collage whirl said...

This is so interesting, Kendra-- I love the way you started out with an idea that uses a commodity, paper, and now you're building a larger work area. Sounds like you have plenty of future ideas for additional creative ventures, too. Fun!

KnotOriginal said...

What a cool set up you have, Kendra! I love this series and learning about the behind the scenes details we don't usually think of when viewing finished works. Any future plans for chocolate chip hang tags...;-)

glazedOver said...

Wow, GREAT interview! What a treat to peek over your shoulder like this, Kendra. I stared at that photo of your cookie cutters and found all my favorites. So cool! And I love that you are meticulously neat and organized. I LOVE your tags. I admit, I have neither planted nor attached them to gifts for other people...I just can't part with them! :D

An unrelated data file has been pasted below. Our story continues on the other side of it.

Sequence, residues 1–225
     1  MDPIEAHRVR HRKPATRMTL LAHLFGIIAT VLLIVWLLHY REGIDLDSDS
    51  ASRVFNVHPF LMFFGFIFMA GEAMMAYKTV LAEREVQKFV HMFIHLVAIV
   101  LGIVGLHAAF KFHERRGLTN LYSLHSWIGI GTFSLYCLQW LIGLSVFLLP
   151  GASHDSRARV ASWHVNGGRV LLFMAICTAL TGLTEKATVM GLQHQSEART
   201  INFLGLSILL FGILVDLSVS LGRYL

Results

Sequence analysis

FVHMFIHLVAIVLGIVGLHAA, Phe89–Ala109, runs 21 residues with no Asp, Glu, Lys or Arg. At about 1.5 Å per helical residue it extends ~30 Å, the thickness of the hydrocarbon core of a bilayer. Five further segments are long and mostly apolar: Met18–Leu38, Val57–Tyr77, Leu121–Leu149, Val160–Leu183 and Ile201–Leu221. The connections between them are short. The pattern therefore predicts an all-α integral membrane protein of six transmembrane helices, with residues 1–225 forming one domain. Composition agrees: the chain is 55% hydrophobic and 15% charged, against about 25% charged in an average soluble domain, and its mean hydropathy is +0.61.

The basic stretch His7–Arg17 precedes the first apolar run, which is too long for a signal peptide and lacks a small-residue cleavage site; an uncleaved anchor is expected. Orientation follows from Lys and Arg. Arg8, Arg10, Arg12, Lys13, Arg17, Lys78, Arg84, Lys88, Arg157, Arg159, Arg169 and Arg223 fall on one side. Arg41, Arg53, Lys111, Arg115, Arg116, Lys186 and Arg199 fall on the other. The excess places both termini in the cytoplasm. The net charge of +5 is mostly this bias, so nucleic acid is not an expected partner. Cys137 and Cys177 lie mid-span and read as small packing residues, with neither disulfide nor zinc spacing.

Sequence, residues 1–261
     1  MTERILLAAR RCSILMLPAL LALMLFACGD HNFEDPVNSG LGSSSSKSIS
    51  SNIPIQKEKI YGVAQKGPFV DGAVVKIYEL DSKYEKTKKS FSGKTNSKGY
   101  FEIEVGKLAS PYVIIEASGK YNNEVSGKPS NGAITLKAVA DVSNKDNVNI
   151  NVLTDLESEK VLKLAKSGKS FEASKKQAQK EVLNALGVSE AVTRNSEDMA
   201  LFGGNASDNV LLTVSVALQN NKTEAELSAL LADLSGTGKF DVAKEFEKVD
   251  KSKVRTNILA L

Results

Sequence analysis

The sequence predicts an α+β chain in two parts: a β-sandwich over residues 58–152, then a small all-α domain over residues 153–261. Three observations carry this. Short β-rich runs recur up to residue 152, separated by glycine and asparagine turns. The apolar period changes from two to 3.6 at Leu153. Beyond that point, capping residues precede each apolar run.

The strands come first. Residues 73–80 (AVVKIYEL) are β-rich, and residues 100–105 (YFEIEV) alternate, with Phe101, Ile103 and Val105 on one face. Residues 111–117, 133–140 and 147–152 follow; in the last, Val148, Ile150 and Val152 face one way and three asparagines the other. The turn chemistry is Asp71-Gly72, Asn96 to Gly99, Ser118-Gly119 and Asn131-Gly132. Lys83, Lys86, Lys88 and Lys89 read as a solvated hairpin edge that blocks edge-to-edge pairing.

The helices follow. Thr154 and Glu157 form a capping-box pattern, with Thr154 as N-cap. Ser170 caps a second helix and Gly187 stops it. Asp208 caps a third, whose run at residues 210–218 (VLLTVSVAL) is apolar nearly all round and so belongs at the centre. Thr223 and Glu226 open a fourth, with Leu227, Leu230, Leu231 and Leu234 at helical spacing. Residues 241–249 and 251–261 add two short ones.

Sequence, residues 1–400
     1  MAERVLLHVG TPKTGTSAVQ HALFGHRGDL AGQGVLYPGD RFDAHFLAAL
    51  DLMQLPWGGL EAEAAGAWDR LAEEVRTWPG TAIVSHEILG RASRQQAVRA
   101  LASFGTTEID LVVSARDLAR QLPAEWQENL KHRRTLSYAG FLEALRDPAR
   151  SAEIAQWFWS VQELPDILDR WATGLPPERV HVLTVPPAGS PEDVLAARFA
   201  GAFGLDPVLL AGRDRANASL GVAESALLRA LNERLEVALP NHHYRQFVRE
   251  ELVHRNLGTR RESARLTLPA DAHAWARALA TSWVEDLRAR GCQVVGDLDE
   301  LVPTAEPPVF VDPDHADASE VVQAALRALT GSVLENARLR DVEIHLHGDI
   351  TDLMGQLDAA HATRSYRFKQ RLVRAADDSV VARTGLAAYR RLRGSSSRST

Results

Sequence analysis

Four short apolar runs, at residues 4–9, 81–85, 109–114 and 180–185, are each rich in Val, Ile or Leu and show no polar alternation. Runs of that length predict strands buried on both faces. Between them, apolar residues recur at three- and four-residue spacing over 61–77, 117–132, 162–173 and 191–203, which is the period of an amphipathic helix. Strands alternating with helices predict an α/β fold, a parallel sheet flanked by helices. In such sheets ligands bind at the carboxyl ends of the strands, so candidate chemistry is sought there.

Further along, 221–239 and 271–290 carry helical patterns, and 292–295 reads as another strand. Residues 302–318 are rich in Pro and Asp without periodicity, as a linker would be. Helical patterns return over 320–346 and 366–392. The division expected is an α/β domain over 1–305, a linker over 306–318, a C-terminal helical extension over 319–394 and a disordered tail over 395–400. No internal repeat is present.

Thank you, Kerrin, for such a well done, investigative interview!

kathiroussel said...

wow-- just look at that cookie cutter collection ( love that view from above) and all of those bins where you store all your paper goods and supplies. so great to see your new studio up and running and sounds like you and your husband have great plans for the future--very exciting.
so happy to see you here kendra-- and to get a view of the new studio digs!

nice interview kerrin!